A panel of federal judges with the 10th U.S. Circuit Court of appeals handed down a 2-1 ruling saying the state of Colorado was wrong in 2016 to force a presidential elector to cast his vote for Hillary Clinton in the Electoral College.
State law in Colorado mandates that presidential electors cast their Electoral College vote for the candidate receiving the most votes statewide, which in that instance was Hillary Clinton.
In 2016, however, elector Micheal Baca tried to cast his vote for Ohio's then-governor, Republican John Kasich, as part of a short-lived movement to circumvent Trump's election in a kind of compromise. Supporters of the idea hoped enough electors would defect to Kasich to deny Trump the presidency — arguing Trump was too unstable or dangerous — but would still have given Republicans control of the executive branch rather than handing that power to Democrats.
When Baca cast his vote for Kasich, then-secreatary of state Wayne Williams (R.) removed and replaced Baca with an elector who voted for Clinton.
"Secretary Williams impermissibly interfered with Mr. Baca's exercise of his right to vote as a presidential elector," part of the court ruling read. "Specifically, Secretary Williams acted unconstitutionally by removing Mr. Baca and nullifying his vote for failing to comply with the vote binding provision."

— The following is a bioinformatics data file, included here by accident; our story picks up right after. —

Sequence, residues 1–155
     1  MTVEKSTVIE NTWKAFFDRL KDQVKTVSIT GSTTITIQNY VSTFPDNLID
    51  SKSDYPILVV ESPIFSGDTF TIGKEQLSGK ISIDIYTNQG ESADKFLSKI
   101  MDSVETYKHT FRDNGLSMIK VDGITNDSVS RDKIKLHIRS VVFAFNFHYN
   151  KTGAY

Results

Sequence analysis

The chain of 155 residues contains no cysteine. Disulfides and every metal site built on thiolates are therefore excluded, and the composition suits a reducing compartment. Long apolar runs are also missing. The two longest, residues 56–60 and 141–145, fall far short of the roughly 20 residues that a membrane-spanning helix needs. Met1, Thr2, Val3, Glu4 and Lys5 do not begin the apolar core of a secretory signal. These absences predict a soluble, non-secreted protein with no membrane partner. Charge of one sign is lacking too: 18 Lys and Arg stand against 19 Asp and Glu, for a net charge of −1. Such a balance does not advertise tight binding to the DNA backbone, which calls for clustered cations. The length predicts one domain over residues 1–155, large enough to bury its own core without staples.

"Article II and the Twelfth Amendment provide presidential electors the right to cast a vote for President and Vice President with discretion," the majority ruling added.
The decision effectively gives legal permission in any state to so-called "faithless electors," those who vote for someone other than the leading vote getter in the state or otherwise does not vote in coordination with the statewide election results.
Heightening the importance of the ruling is the fact that just this spring Colorado passed a law entering the state into the National Popular Vote Interstate Compact, or NPV, which attempts to create a workaround to how the Electoral College has operated for two centuries, but would not require a Constitutional amendment.
In nearly all circumstances historical or present, electors cast their Electoral College vote for the candidate who receives the most votes in that state in a winner-take-all allocation.
The National Popular Vote, however, is an agreement of the states that have adopted the compact to cast their Electoral College votes for the candidate who receives the most votes nationwide, even if citizens of that state voted for a different candidate.
The NPV does not have any legal effect until enough states have joined that their electoral votes surpass 270, the amount needed to elect the president. Fifteen states and the District of Columbia have joined the compact for a total of 196 Electoral College votes.
Colorado secretary of state Jena Griswold told the Colorado Sun the ruling could hamstring the NPV, noting that the mandates of how the electors should vote under the NPV could be ignored.
In the months since the Colorado General Assembly passed NPV legislation that Governor Jared Polis (D.) then signed into law, a citizens' group submitted more than 227,000 signatures in an effort to force a referendum vote on the NPV in November of next year.
Those signatures are still undergoing a certification process with the secretary of state's office. If roughly 125,000 signatures pass muster, the question will be placed on the ballot, creating the first real citizen-led test of the NPV.
Until now, state legislative bodies have passed all NPV legislation without any challenge from citizens in their respective states.